The art of getting dressed is a bit like a group project: There’s usually one item of clothing that acts as Team Leader. There’s almost always a slacker (like your underwear — what does your underwear even do all day? ), and if every piece, top-to-shoe, has some sort of issue, then the whole thing drags. But when each group member does its job perfectly, there’s more free time to get creative.
I miss Jenna Lyons at J.Crew so much. I miss her in that way that you miss your friend who moved away even though you two never hung out when you lived a block from one another. Jenna made J.Crew into a store that, whenever I found myself in a mall (some time soon, I would love to talk with you about how much I love malls), it felt weird not pop my head in. J.Crew — every single one — became a store that felt like my local coffee shop or something.
I had a date the other night.Â It went well, whatever, but we all know the most important point of interest regarding that sentence is what did I wear?ÂWhat I wore is the exact outfit a friend told meÂ not to wear: a blue and white striped men’s button down shirt with the front tucked into a pair leather pants, and emerald satin open-toed Stella McCartney shoes with gems that look like Candy Buttons stamped on their heels. Oh, and they have ankle straps. “Why can’t I wear this?” I asked.
Muck Rack makes it simple to find people, tweets, or articles that mention any name, keyword, company, hashtag etc. We've compiled this guide to help you make the most of your search.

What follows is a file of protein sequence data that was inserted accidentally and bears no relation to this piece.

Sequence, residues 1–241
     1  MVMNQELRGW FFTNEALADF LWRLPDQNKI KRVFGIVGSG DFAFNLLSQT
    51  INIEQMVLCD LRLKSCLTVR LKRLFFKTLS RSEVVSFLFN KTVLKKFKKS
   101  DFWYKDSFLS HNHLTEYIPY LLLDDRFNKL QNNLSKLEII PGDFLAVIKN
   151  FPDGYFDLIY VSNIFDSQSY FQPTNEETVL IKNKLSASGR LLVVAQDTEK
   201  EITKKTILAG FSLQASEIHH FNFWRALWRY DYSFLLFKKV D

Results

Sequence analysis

Selecting a term
Start searching tweets, articles from media outlets, articles mentioned in tweets, journalists'
names, titles and bios with some suggested searches:
Companies or Topics (e.g. iPhone, Microsoft)
Phrases (e.g. "cloud computing") — use quotes to keep the terms together
Twitter handles (e.g. @username) — returns those who have mentioned or replied to
Names (e.g. "David Pogue")
Hashtags (e.g. #sxsw, #london2012)
Bio details (e.g. vegan, Olympics, father)
Muck Rack's Advanced Search allows for many boolean operators.
Find results that mention multiple specified terms, use AND or
+. For example, ensure each result contains both Elon Musk and Mark Zuckerberg by
searching Obama AND Romney or Obama + Romney.
Use the operators OR or , to broaden your search when you'd like either of
multiple terms to appear in results. (This is the default behavior of our search when no operators
are used.) For example, search for democrat OR republican to find results that refer to
Democrats and/or Republicans.
Use NOT or - to subtract results from your search. For
example, searching Disney will yield results about the Walt Disney Company as well as Walt Disney
World Resort. To exclude mentions of Disney World, search for Disney -World or Disney
When using one of these operators with a phrase, enclose it in quotation marks. For example, you can
find results about smartphones excluding Apple's iPhone 4S by searching smartphone -"iPhone
Exact case matching or punctuation
If you're searching for a brand name or keyword that relies on specific punctuation marks or capitalization, you can
find results that match your exact query by adding matchcase: before the keyword you're searching for, like matchcase:E*TRADE .
Use parentheses to separate multiple
boolean phrases. For example, to find journalists talking about having fun in Disney World or
Disneyland, search for ("disney world" OR disneyland) AND fun.
An asterisk can be used to search for any variation of a root word truncated by the asterisk. For example, searching for admin* will return results for administrator, administration, administer, administered, etc.
A near operator is an AND operator where you can control the distance between the words. You can vary the distance the near operation uses by adding a forward slash and number (between 0-99) such as strawberries NEAR/10 "whipped cream", which means the strawberries must exist within 10 words of "whipped cream".